“I’m losing hope in tomorrow” Upon being asked whether he knows he’s a son-of-a-bitch or not, A.J. Manglehorn (Al Pacino) replies matter-of-factly with, “Yes. Maybe a little. Aren’t we all?” It’s a seemingly innocuous line within an intriguing film positing how each one of us can always see something of ourselves in characters onscreen. We can relate to the son-of-a-bitches and the kindhearted optimists, recalling moments in our lives mirroring what’s seen—probably not closely, but enough to send us back. The people surrounding this solitary curmudgeon of a man who…

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REVIEW: Cake [2014]

“Forgive me” It may not be the best film utilizing its melancholic subject matter, but Cake is not as bad as the critical sphere appears to want us to believe. The credit for this goes to screenwriter Patrick Tobin for distilling his character’s grief, depression, and malaise into a precisely calculated 102-minute rebirth. We receive a lot of information through the interactions of people, expressive postures towards specific situations, and the blackly comic exchanges on behalf of Claire Bennett (Jennifer Aniston), a woman desperately trying to hide behind the cynical…

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REVIEW: Ruby Sparks [2012]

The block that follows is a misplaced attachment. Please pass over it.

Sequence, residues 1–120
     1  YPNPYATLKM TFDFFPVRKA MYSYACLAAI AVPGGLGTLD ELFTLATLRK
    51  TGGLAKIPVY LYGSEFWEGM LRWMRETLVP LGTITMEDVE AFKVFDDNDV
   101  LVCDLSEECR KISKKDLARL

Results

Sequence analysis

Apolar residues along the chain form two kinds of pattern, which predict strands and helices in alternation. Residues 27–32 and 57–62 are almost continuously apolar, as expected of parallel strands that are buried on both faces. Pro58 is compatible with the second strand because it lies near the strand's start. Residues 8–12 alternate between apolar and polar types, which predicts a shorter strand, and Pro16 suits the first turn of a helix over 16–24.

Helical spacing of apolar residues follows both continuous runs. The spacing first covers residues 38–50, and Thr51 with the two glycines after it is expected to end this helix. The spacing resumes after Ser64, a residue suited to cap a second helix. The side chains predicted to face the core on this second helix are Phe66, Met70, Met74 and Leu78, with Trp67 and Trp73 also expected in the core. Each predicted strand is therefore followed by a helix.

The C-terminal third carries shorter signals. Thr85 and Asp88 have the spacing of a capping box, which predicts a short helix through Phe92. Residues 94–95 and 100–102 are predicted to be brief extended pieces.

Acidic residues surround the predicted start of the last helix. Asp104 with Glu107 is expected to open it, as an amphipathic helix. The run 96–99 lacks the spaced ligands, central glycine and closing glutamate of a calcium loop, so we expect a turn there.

“I will never write about her again” The debut screenplay from actress Zoe Kazan includes moments ringing absolutely true and others completely false. I can’t stop thinking about Harry Weir-Fields (Chris Messina) giving his brother Calvin (Paul Dano)—the film’s lead—notes on his new, very rough manuscript. Asking without a shred of patronization who the target reader is, he doesn’t believe the women inclined to read romances will care about a quirky, damaged girl with little going for her besides being the object of a man’s affections. It’s obvious to Harry…

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REVIEW: Denise [2012]

“I get along with girls better …” As evidenced by In the Company of Men and The Shape of Things, no one does scathing social commentary like Neil LaBute. So, after the rather questionable decisions to helm remakes of The Wicker Man and Death at a Funeral, it’s good to see the playwright going back to what made him a filmmaker to keep tabs on over a decade ago. His script for the short film Denise—a part of the WIGS series from Jon Avnet and Rodrigo García—takes a discerning look…

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REVIEW: Greenberg [2010]

“Can a pool overflow?” There is a saying relayed by Greta Gerwig’s character Florence which perfectly encapsulates what happens during the course of Noah Baumbach’s newest look into the angst of suburbia, Greenberg. She says, “Hurt people hurt people”. The phrase is apt, especially for her being the one a hurt person, Ben Stiller’s titular Roger Greenberg, constantly hurts. However, no matter how much worth there is in the dynamic between these two people separated by fifteen years, the generational gap a much larger chasm, I can’t shake the fact…

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REVIEW: Devil [2010]

“We are the audience for a reason” It all starts with a suicide—a death to allow easy passage of the Devil to the real world, giving him human form to make those he’s about to collect suffer a public, horrific demise. The first of a planned series in suspense horror called the Night Chronicles, M. Night Shyamalan plays on his bedtime story concept of Lady in the Water, crafting a tale of man’s capacity for evil and the weight of guilt standing in the way of accepting the consequences for…